Reflections: Covering Hurricane Irma

I’m really proud of the Sun Sentinel’s coverage during Hurricane Irma. All hands were on deck as a group of journalists went into lockdown mode before and during the storm. I was among those journalists selected to spend four nights and three days living in the newsroom, working around the clock.

I was terrified.

Irma was my first Hurricane as an adult and away from my family. I was scared for their safety and mine. I was worried about not being able to contact them or get to them after. I didn’t know how bad the storm would be but projections were telling us to prepare for the worst.

Grocery stories looked like an apocalypse was imminent, with stretches of shelves completely barren of products.

 

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One of the many empty aisles at the grocery store, five days before the storm.

 

Days before the storm were eerie. I live in the mandatory evacuation zone near a major road – I’d peer out the window and couldn’t hear or see any type of vehicle. No birds chirped nearby or flew overhead.

I understood, now, “the calm before the storm.” The energy was odd and I had knots in my stomach. I packed my bag, said goodbye to my apartment and headed to the newsroom. I had enough junk food for a few days. I wasn’t sure what to pack because I’m usually eating fresh seafood or tofu and vegetables. Poptarts, Hello Kitty fruit snacks, and protein shakes became my staples.

 

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My snacks included popcorn and Poptarts, two types of protein shakes and tea and oatmeal.

 

I was able to snag an open office, hanging a sheet over the window for privacy and setting up an air mattress under the desk. My space was actually pretty nice, and I was grateful to have it.

I’d been assigned to the social media team, responsible for digging through multiple platforms in search of leads, images and community reactions. While doing that, I also helped produce our Facebook Live show. Our show aired every three hours for three days, coinciding with the National Oceanic and Atmospheric Administration’s newest updates.

I helped produce each show. Some of my responsibilities included organizing the rundown and helping write the scripts. I gathered footage, either internally or sourcing externally from social media. I reached out to members of the community for feedback and helped prep reporters before they went on air.

I also co-hosted the show, monitoring the comments during the show and getting questions answered, either while we were live or commenting after and linking to a story on our site.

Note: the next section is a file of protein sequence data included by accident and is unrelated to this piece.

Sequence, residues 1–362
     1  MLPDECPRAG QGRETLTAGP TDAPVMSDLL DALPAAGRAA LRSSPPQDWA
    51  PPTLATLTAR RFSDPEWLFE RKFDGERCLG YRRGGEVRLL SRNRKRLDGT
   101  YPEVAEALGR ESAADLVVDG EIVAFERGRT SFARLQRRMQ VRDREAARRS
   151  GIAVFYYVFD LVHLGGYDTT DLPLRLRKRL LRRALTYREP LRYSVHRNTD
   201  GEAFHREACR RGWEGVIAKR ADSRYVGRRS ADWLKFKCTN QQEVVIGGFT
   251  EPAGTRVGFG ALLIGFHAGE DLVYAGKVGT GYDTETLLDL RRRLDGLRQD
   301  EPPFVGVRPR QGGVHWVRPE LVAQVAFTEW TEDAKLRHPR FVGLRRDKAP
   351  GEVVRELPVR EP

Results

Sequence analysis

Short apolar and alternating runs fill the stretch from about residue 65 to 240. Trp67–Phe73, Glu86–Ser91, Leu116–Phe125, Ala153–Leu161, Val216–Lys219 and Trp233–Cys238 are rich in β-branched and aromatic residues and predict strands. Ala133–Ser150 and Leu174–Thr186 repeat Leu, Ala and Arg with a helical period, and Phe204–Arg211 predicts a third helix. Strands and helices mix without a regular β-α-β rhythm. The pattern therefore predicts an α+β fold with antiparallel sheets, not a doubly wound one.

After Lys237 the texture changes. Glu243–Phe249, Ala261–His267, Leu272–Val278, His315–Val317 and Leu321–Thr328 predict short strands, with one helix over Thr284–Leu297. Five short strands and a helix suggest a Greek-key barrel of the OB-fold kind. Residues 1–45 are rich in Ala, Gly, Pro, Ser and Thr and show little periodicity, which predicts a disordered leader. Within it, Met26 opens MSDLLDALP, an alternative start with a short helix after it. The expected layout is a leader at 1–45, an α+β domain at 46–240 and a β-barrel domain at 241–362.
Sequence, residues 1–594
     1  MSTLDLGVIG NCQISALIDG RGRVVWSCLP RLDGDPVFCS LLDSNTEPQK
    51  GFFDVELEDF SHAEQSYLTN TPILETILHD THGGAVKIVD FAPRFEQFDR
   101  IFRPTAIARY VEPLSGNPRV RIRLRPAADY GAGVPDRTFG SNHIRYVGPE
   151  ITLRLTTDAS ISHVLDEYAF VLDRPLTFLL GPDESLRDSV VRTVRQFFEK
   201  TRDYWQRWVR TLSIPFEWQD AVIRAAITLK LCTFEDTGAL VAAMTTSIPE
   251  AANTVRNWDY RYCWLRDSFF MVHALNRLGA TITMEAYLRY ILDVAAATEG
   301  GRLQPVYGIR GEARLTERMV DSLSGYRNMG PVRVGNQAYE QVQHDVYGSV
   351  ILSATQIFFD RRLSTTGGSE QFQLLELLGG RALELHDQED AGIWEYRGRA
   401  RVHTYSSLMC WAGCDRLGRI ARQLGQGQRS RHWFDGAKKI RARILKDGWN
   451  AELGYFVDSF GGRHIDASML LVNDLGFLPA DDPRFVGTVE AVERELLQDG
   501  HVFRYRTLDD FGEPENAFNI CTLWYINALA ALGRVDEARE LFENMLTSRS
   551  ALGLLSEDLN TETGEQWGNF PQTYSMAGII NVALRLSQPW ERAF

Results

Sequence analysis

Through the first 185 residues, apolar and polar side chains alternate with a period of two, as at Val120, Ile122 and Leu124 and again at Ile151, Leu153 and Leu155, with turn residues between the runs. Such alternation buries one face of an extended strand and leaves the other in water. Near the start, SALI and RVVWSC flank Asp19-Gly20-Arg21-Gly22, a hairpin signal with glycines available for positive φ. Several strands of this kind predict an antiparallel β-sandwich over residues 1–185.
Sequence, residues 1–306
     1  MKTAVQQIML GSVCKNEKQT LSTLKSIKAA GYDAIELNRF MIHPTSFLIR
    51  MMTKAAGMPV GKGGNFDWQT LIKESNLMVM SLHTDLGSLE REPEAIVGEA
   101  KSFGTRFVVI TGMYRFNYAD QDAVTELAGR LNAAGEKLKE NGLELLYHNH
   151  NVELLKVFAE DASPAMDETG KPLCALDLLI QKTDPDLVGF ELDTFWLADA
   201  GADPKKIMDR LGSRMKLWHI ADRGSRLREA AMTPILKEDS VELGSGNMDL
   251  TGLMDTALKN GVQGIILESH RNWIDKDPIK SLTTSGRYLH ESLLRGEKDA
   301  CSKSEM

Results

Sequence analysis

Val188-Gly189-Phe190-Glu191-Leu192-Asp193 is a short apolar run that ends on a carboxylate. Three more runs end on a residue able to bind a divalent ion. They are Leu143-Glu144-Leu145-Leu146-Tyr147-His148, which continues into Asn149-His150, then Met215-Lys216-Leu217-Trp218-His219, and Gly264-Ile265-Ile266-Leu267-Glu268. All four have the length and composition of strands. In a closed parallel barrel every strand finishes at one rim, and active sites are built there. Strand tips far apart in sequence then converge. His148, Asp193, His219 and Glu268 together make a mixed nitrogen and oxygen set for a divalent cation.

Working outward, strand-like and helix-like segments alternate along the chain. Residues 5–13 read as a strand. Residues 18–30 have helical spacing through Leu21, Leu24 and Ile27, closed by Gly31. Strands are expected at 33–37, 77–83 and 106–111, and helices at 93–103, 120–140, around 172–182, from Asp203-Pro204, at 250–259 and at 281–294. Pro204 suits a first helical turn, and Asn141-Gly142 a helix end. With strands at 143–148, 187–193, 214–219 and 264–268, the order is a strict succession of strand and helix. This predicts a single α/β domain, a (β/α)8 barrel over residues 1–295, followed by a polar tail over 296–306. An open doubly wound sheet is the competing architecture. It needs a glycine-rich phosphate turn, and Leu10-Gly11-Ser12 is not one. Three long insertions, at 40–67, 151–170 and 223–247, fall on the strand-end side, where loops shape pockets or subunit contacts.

I was able to all this while completing my other tasks on the social media team. It was exhausting but invigorating, and I was happy to have a hand in producing the news.

On day two, I had the opportunity to host one of the shows.

 

It was important for me to find a way to get SouthFlorida.com involved in our storm coverage. It’s the Sun Sentinel’s entertainment site so it didn’t really have a need to give updates per say, but I wanted to show we were there and cared about our audience, too. 

“Why not play Pictionary on Facebook Live?” I thought.

The game would show our presence during the storm but also serve as a lighthearted way for people to forget about the storm for a few minutes and have a little fun. I knew it could completely flop, but I thought it was worth the risk.

 

That video had more engagement than any other Facebook Live we’ve done on SouthFlorida.com, and one of our highest ratings. People commented that they were appreciative for the break from the stress.

The game was mentioned in a Poynter article, and was given a shoutout at the Society of National Journalism’s National Convention. 

I was happy my little idea was not only successful but appreciated. I’m grateful to have been given the opportunity to cover the storm. Initially, I was nearly paralyzed with fear. I cried in my apartment, a lot, before going in for the lockdown. I was not only scared but I was sad – that I wasn’t excited for this opportunity, sad I didn’t feel this was my calling. I thought if I didn’t feel compelled to do this, maybe I shouldn’t be a journalist. The thought devastated me. Once I got to the office, my fears dissipated. I felt alive. I loved running from desk to desk and working in such a high-stress environment with tight deadlines. I loved every second of it. I was happy to take a break from covering happy hours and nightlife to sharing the real news. Hurricane Irma reminded me that even in the craziest of storms, I am a newswoman.

 

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Data reporter Stephen Hobbs and I before one of our storm updates.

 

 

 

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